Primates are divided in to two scientific sub-orders.  The primates considered the most primitive, or those that have retained the most number of features of the ancestral primates, are classified as being Strepsirrhines, and include the lemurs of Madagascar, the galago’s potto’s and angwantibo’s of Africa, and the lorises of Asia. The tarsiers, monkeys and apes are classified as Haplorhines, on account of their larger brains, specially adapted hands and feet, and wider range of facial features, a result of the lack of a rhinarium, or a wet snout.

Around 30 million years ago, the primates of the Haplorhini divided in to two further groups, the Platyrrhini, which now consists of the modern day New World monkeys of South and Central America, and the Catharinni, made up of the Old World monkeys of Africa and Asia, and the apes. This latter group split in to two superfamilies at approximately 20-25 million years ago, as evolutionary pressures gave rise to drastic differences in the primate species. Modern day Old World monkeys make up the superfamily Cercopithecoidea, The apes- the gibbons, chimpanzees, bonobo’s, gorillas, orangutans and humans- are the only surviving members of the superfamily Hominoidea.

proconsul_skullAround 20-19 million years ago, a primate had evolved in central Africa that had characteristics of both Old World monkeys and apes. This primate, named Proconsul, included four known species and had a posture that was similar to that of a monkey. However, its lack of a tail, facial structure and strong grasping capabilities marks it out as an ape, and studies in to the growth and form of fossilized Proconsul teeth have shown that this primates life history was similar to that of a modern day gibbon,  with additional features of other apes and monkeys (Palmer, 2010). It is likely that the first apes evolved from a monkey-like creature that had descended to the ground, and, through the process of evolution, lost many of their ancestral features, acquiring new ones as they adapted to their new environment. For example, a tail would be useful for a life in the canopy, aiding as it does movement and balance. On the ground, a long tail would be a hindrance to terrestrial movement, and would be one of the first adaptations to disappear (Morris, 2008). Whether or not Proconsul is an intermediate between monkeys and apes, and a common ancestor of present day apes in the evolutionary tree, is still debated, but, regardless, Proconsul is one of earth’s first known apes.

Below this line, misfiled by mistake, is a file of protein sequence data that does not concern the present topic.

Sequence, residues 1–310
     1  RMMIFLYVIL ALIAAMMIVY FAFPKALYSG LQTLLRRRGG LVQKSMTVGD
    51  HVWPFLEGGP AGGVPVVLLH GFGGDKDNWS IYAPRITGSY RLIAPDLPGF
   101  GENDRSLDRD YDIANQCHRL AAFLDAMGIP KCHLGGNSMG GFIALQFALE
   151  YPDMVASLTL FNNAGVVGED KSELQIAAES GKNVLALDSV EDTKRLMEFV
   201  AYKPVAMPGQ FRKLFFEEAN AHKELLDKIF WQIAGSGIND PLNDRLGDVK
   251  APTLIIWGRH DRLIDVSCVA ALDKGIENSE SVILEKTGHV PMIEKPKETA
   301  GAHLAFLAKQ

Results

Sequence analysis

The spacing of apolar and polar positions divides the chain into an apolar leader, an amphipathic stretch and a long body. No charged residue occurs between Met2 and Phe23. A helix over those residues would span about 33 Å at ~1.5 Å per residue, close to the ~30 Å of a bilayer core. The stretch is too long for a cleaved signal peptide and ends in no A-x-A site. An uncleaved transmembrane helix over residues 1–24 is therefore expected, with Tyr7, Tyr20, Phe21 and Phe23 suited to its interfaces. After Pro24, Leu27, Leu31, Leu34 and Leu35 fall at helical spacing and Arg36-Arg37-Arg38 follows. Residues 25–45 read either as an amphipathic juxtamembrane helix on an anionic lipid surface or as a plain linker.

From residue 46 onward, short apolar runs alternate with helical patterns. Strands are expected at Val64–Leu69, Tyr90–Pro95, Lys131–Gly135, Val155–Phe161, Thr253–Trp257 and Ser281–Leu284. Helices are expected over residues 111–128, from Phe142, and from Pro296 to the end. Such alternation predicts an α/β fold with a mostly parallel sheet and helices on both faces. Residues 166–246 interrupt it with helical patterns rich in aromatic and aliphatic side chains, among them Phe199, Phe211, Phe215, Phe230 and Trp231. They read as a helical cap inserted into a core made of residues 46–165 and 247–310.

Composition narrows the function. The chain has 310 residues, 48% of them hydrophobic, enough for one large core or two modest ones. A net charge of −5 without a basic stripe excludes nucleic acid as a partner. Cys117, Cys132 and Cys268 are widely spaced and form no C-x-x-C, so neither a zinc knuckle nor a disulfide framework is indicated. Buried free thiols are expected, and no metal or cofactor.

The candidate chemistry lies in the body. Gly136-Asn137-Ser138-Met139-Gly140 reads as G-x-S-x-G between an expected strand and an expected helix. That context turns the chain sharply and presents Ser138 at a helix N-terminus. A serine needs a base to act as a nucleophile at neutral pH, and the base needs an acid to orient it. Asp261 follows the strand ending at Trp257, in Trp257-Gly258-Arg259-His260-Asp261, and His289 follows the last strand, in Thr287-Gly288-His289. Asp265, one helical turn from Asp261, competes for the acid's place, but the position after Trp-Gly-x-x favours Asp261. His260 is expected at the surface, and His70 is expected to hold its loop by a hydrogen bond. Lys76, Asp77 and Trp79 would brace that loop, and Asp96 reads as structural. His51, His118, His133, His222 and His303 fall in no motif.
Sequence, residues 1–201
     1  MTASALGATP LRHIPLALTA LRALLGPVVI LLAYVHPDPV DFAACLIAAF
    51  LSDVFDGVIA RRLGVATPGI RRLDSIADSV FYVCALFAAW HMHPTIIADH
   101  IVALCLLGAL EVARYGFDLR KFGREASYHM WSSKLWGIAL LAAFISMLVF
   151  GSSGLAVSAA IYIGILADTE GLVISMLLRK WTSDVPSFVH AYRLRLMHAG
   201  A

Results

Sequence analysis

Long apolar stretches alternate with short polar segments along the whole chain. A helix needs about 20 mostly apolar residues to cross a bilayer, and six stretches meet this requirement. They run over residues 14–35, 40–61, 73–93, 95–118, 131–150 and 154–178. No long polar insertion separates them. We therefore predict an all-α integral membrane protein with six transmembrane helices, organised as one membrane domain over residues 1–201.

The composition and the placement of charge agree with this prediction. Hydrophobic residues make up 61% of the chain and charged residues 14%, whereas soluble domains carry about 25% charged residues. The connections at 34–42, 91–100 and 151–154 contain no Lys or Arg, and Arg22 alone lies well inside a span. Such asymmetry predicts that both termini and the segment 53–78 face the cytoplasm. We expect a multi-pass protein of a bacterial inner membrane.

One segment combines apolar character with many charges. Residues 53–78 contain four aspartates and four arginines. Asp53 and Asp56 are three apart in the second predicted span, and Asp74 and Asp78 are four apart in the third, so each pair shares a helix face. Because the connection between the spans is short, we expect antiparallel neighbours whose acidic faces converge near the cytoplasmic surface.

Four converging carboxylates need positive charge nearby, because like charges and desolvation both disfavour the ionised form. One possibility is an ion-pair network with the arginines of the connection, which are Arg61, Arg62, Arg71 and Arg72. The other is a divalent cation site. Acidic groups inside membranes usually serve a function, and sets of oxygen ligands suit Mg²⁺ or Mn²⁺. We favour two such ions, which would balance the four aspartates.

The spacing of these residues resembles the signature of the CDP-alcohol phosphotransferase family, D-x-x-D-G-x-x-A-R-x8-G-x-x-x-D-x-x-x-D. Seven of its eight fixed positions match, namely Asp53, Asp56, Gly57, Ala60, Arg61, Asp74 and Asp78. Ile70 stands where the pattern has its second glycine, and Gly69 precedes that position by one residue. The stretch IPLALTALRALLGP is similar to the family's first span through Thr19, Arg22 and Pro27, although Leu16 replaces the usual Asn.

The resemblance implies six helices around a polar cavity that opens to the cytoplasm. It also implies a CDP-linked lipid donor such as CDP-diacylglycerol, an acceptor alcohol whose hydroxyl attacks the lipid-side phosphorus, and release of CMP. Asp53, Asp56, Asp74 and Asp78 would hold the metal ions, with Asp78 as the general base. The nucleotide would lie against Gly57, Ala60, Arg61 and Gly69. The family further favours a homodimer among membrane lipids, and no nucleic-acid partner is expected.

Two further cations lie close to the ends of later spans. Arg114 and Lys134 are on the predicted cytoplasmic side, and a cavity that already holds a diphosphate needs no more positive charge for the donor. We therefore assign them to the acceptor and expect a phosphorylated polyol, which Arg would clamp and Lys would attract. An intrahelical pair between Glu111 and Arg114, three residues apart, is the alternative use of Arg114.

dryopithecus_constructBetween 9 and 17 million years ago, apes from the genus Dryopithecus were living not just in Africa, but were the first known species’ of ape to have migrated in to Europe and Asia, giving clues to the migratory patterns of our ancestors (Palmer, 2010; Begun, 2004)). Although there are variations in the five species of this genus, like Proconsul, it resembled a monkey in many ways, but the bones in the forearm and elbow suggested it moved about in the tree tops like an orangutan or a gibbon. However, its skull formation is similar to the chimpanzee. Like all fossils, its evolutionary position is debated, but some scientists have claimed thatDryopithecus and its close relatives were the ancestors of all the extant great apes (Palmer, 2010).

During this period, between 8.5-12.5 million years ago, three species of the genus Sivapithecus were living in the rainforests of Asia. Sivapithecuswas around 1.5 meters in height, and many of its physical attributes resembled those of a chimpanzee. However, like an orangutan, it had a concave face with projecting incisors and large canines (Palmer, 1999). Fossils of Sivapithecus species have been found in Turkey, China and Pakistan, and analysis of bone structure indicates they were adept at movement on both the ground and in the trees, and fed on a diet of savannah grasses and seeds (Palmer, 1999). The genus Sivapithecus is now acknowledged as being the direct ancestor of modern day orangutans (Fleagle, 1999), and scientists believe that this line, the lineage that descended to modern day orangutans, branched off from the line that descended to modern day gorillas, chimpanzees, bonobo’s and humans at around 12 million years ago (Palmer, 2010; Fleagle, 1999).